Presentation - Citizen Journalism


Published on

UNSW MDIA5003 Presentation on topic - Citizen Journalism

Published in: News & Politics, Education
No Downloads
Total views
On SlideShare
From Embeds
Number of Embeds
Embeds 0
No embeds

No notes for slide

Presentation - Citizen Journalism

  1. 1. CITIZEN JOURNALISM<br />QiminYuan (Jessie)<br />OxanaAstakhova<br />Jing Ping<br />
  2. 2. Outline<br />Summary<br />Analysis<br />Questions<br />
  3. 3. Summary – “Preditors”: Making citizen journalism work<br />What is citizen journalism?<br />“ordinary person’s capacity to bear witness, thereby providing commentators with a useful label to characterize an ostensibly new genre of reporting” (Allan, 2009)<br />or in other words…<br />Reporting of the news by private individuals, who are not professional journalists<br /> “grassroots journalism”, “open source journalism”, “participatory journalism”, “hyperlocal journalism”, “distributed journalism”, “networked journalism”, “user-generated content”<br />
  4. 4. Crowdsourcing– as a basis for citizen journalism<br />Crowdsourcing is the idea that a crowd of people, geographically dispersed but sharing common purpose, can achieve things better or differently to small groups of professionals and gatekeepers” (Simons, 2008)<br /> It is transformation from “journalism as a lecture” to “journalism as a conversation” (Gilmor, 2006)<br />
  5. 5. Semi-pro journalism – as an efficient model of citizen journalism<br />Semi-pro journalism is a combination of “ground work of average citizens or inexperienced journalists with editorial and production expertise of professional journalists” <br />
  6. 6. Who are “PREDITORS”?<br />Preditor<br />= <br />Producing + editing + organizing<br />=<br />facilitator of “journalism as a conversation”<br />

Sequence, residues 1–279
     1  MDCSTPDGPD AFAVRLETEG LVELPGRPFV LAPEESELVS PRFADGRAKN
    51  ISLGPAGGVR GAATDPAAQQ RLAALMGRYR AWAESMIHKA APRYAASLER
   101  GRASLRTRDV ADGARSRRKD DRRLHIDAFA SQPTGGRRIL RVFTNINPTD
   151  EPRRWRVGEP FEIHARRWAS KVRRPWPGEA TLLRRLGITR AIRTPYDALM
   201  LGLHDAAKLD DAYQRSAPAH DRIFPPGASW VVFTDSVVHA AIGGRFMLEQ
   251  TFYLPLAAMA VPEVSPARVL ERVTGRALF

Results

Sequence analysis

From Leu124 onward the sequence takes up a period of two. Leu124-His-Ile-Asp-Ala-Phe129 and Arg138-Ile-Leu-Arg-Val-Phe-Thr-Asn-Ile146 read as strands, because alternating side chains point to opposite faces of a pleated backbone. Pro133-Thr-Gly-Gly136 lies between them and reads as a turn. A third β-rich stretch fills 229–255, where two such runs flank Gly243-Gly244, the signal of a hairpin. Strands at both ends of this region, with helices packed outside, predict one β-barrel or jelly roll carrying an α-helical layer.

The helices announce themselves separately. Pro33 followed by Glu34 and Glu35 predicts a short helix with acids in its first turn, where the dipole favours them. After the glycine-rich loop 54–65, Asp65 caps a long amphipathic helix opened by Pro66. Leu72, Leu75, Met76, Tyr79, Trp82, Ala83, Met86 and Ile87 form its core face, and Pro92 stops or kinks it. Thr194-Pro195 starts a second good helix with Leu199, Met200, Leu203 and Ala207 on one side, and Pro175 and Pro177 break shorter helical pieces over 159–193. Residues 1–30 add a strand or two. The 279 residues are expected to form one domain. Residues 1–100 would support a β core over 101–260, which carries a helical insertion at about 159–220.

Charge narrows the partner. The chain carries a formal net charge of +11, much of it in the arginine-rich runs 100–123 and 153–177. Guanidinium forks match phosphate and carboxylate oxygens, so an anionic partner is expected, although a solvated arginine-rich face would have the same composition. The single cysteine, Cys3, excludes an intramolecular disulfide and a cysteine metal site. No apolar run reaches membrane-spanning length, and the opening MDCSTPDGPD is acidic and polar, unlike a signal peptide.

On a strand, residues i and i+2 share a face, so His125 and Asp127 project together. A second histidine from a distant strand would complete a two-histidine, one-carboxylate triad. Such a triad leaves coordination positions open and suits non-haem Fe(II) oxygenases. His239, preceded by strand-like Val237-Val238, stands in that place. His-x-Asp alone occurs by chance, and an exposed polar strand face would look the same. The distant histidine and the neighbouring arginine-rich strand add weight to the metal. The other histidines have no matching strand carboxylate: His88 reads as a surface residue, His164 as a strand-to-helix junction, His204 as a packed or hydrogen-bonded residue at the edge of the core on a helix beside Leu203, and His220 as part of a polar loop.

7. 7. Preditor’s abilities must include:<br />be comfortable with writing and editing copy,<br />be cognizant of publishing law and regulation,<br />have a strong sense of news values and be committed to ethical standards, and balance and fairness in their own practice.<br />have the ability to establish collaborative interpersonal and professional relationships and webs of content syndication, across the online news environment.<br />have the capacity to serve, guide and sometimes manage a content-making community that includes not just readers, but users who have become, in effect, colleagues.<br />
  8. 8. Youdecide 2007<br />
  9. 9. Dimensions of Preditor’s Role:<br /> Content work<br /> Networking<br /> Community work<br /> Technical work<br />
  10. 10. ContentWork<br />editing and producing original content<br />ensuring that user-submitted stories meet legal, regulatory, ethical and quality requirements<br />ensuring that user-submitted stories providing “pro” content that drives visits, publicity, syndications and further contributions to the site.<br />
  11. 11. Networking<br />making advantageous connections with existing, established online and offline news outlets<br />ensuring that content is delivered and sourced across a number of platforms and of entrepreneurially mobilizing on and offline networks<br />